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The recent nomination and confirmation of Sonia Sotomayor as a U.S. Supreme Court Justice refocused public attention on the selection criteria that colleges and universities use to admit students. For decades the Supreme Court has repeatedly been asked to decide the constitutionality of racial and ethnic preferences in college admissions.
However, this preoccupation with admissions neglects other important considerations in achieving campus diversity and narrowing gaps in educational attainment. What circumstances motivate students to attend and succeed in college? What factors influence individual students’ decisions whether to apply and, if admitted, whether to enroll.
The compelling articles in this volume of The ANNALS go beyond the worn argument that admission criteria are solely responsible for determining campus diversity. The authors address a broad range of questions in college decision making – from application to enrollment, college performance, and graduation.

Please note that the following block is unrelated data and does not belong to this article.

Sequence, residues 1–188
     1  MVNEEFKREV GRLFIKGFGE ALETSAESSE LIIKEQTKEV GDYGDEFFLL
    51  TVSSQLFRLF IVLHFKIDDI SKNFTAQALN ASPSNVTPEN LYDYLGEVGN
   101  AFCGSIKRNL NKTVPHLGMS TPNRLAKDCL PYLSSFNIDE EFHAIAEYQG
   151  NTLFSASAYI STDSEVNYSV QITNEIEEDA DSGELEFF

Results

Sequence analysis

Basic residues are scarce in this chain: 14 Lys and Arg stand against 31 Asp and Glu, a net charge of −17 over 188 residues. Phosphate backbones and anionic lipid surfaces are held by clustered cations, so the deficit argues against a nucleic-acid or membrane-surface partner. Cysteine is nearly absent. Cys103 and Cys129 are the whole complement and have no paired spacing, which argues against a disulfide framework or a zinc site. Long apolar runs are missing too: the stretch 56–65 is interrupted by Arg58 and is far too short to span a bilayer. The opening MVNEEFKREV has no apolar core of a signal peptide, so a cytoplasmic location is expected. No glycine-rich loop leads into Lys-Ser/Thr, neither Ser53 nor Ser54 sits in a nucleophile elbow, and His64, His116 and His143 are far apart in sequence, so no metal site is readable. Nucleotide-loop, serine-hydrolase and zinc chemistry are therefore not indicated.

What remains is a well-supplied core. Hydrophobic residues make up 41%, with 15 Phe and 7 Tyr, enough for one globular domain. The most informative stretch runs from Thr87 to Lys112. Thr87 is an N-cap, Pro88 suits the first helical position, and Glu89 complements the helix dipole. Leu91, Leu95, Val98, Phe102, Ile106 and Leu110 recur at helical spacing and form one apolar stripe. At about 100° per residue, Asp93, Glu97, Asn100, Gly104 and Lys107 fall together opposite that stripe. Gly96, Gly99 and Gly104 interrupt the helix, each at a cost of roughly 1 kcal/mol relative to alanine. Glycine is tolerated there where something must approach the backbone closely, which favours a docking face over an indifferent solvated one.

This forward-looking volume of The ANNALS is a requisite for students and scholars who want to examine alternatives that narrow ethnic gaps throughout the postsecondary cycle and provide more opportunities for talented, ambitious youth from disadvantaged environments to succeed, as Justice Sotomayor did.